Both works were composed for outdoor events--heaven knows what they sounded like. The Water Music (1715, 1717) was used to entertain royalty floating up and down the Thames; some of it may have been played indoors with supper. The Royal Fireworks Music dates from 1749 and was to be performed in Green Park to celebrate the Peace of Aix-la-Chapelle; the rehearsal, a week earlier, was attended by 12,000 people. At the performance itself, the fireworks were unimpressive, but one of the pavilions caught fire. Talk about excitement.
Kevin Mallon leads a Toronto-based, 34-person group of period instrumentalists called the Aradia Ensemble on this new, bargain issue, and it's a terrific, ear-opening show. The music is, above all, joyful, with dance movements galore and plenty of giddy pomp. Mallon has rethought the tempos, almost all of which, he feels, should be quicker than we're accustomed to hearing. If you listen to the Air, the fourth movement to Suite No. 1, you'll be surprised at how good it sounds played without the usual serious "aura" that drags it down. Mallon writes in the accompanying notes that he looked at an 18th-century score for the piece and discovered it was marked "presto".
These quick tempos work most of the time, and if, for example, you overlook the fact that the alla hornpipe of the Water Music Suite No. 2 and the Rigaudon of No. 3 could only have been danced by a dancer on speed, and just listen to how effortlessly entertaining the music is, you'll love it. Mallon is not rigid in his fleetness, however: the final movement of Suite No. 1 is relaxed, and he slows it down even further for its last few seconds, giving it the stature it requires.
Mallon also adds side-drum and tambourines to a couple of the movements, and they add jollity and jauntiness; only a whiner would object. There's a thin line in this music between too ostentatious and too mild, and by keeping his forces slim and his tempos original and suited to the music, he avoids being either. When the trumpets and horns ring out they don't blare, and in La Paix from the Royal Fireworks Music, when Mallon uses transverse flutes (as suggested in the original manuscript), the effect is magical rather than just mellow. Listen to the overture of the Royal Fireworks, brass blasting, drums being banged with wooden-headed sticks, all at a military tempo that implies forward propulsion rather than combative stodginess.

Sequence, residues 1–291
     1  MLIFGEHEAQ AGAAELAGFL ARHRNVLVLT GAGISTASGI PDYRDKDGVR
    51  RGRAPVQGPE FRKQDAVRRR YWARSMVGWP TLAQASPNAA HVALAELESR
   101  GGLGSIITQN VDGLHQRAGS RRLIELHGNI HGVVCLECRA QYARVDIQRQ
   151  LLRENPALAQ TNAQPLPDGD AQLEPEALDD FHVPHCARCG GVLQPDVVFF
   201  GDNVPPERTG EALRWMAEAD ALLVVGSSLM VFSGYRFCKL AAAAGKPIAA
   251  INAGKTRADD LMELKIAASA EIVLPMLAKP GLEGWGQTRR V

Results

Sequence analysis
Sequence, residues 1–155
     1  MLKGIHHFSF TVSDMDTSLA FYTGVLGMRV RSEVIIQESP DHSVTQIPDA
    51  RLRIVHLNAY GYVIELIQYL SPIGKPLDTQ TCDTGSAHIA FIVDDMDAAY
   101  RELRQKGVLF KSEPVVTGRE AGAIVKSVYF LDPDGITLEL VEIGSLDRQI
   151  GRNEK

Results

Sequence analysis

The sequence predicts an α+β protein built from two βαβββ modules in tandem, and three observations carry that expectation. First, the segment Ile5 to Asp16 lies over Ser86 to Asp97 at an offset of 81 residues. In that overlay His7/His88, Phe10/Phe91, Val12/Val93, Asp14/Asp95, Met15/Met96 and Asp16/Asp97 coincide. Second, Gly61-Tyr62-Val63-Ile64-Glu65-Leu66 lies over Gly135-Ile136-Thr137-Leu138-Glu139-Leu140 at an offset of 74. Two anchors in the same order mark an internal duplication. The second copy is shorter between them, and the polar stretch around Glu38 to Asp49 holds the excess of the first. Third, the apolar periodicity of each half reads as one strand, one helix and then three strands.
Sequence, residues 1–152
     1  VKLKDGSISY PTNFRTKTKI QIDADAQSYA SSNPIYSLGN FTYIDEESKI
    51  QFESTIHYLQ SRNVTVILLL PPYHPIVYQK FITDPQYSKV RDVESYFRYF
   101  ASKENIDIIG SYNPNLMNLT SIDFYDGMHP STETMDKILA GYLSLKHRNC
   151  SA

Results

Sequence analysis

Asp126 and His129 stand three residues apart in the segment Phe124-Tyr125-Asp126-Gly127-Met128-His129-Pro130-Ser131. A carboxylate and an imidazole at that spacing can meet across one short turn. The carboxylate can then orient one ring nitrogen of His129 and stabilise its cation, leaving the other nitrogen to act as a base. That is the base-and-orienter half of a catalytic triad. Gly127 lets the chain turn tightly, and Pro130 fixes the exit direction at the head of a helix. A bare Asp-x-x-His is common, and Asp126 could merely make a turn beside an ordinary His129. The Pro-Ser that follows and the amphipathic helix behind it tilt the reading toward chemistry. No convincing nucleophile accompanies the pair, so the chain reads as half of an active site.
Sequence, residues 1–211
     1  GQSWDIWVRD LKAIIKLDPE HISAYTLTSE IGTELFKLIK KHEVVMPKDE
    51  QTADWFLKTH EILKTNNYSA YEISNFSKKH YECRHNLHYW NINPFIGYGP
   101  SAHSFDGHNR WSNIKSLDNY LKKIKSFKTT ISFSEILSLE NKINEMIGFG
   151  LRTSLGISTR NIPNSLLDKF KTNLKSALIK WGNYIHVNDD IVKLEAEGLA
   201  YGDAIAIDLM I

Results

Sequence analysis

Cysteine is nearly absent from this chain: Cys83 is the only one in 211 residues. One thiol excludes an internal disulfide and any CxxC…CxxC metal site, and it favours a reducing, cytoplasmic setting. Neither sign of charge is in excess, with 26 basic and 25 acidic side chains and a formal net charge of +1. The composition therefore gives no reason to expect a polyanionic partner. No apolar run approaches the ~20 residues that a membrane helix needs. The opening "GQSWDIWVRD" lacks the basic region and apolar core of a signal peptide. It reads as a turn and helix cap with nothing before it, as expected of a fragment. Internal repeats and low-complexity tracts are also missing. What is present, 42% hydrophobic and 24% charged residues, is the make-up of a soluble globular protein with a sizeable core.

If I have one criticism of the performances, it's similar to how I feel about the same conductor's recent recording of Rinaldo: the strings tend to attack softly, and I prefer more snap. Maybe I'm looking for trouble, but those slashing attacks tend to make you sit up and listen even more attentively. But these performances are wonderfully peppery nonetheless, and Naxos' absolutely natural recording captures every sound and balances the instruments ideally. This is both a bargain and a terrific reading. Highly recommended, and right to the top of the list.
--Robert Levine, ClassicsToday.com [3/7/2006]